The Saskatoon & Region Home Builders Association (SRHBA) forecasted a 15-year low in total housing starts for 2019. There continues to be a year-over-year decline in new home starts due in large part to government policies.
While 2020 is expected to be slightly better, SHRBA said starts are expected to be below the 20-year average.
Here is the full article if you are interested in hearing about the tough construction year builders had in 2019.
How Does Housing Look In Saskatoon?
New starts in the third quarter dropped 19.3 percent from the same period in 2018, with single-family home starts down 33.8 percent. It might not seem like a lot, but a 33% decrease is huge.
Investment in new housing projects dropped 30 per cent in August compared to the same period a year ago, SRHBA said, and building permits issued by the city in the third quarter declined 23.1 percent year-over-year.
How Does This Affect Our Economy
Guérette said that a downturn in the home construction industry is having a trickle-down effect on the local economy. You are probably feeling it if you are in the trades.
“That means there are less trades being hired, there’s less supplies being bought, there are less people working means they’re not contributing to the economy to the same degree,” Guérette said.
CMHC said the new home construction market has been hurt by higher costs, rising interest rates and changing regulations.
Two regulation changes have had a big impact on the market, Guérette said — the mortgage stress test and changes to the PST on construction.
The most important aspect of the effects on our community is our debt. Our household debt is at an all time high. For every dollar we (as Canadian’s make) we owe $1.75. This is Canada you might say, but you will see in the next paragraph that 56% of people in Saskatchewan are in trouble. 56% of people in Saskatchewan can no longer pay their debts, take on more or come out of this on top without seriously changing their lives and saving more money then they spend.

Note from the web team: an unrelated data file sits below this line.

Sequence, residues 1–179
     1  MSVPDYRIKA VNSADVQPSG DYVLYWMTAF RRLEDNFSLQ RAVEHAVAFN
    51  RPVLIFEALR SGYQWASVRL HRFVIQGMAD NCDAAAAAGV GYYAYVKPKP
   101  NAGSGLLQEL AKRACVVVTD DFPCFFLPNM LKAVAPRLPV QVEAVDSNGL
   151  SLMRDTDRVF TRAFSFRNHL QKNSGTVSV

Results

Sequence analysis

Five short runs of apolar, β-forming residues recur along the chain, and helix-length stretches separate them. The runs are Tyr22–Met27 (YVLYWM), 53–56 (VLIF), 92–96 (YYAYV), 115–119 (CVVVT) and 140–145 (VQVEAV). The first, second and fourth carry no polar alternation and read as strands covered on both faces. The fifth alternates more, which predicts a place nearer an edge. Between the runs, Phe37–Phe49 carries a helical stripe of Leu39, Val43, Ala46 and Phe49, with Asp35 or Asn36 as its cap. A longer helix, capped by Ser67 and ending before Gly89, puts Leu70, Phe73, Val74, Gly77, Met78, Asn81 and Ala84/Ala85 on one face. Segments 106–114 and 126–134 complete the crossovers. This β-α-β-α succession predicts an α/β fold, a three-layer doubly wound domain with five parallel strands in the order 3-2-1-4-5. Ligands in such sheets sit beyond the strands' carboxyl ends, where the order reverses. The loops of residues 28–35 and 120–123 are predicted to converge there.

What Does This Mean For House Sales In Saskatoon
This means a few things.
First and foremost – we’ve been talking about the gloom and doom recession for a while. It’s going to happen. Canadian’s can no longer play kick the can down the road. Saskatchewan is a province that carries high household debt. “56% of Sask. residents have $20K or more consumer debt, says accounting firm”
That debts does not include their mortgage. If we look at household debts with Mortgages is about $376,000.
New home prices are costing builders a lot – which means they have to pass the fees onto the consumer. The consumer has more debt than ever already which means (sometimes) they cannot qualify for the new house, they are in over their heads, or that they can afford the new home but then will be house poor.
So, buying or selling at this time will decrease the amount of people who can afford new homes. Home builders are also feeling the pinch of the new government changes.
We feel that there will be less homes built in Saskatoon this year. Meaning, there will be less inventory, which may result in a balanced market in a few months. However, we feel we will first be hitting harder times.
As always, if you need help buying or selling your home, we are here to help.
Gregg Bamford and Ryan Bamford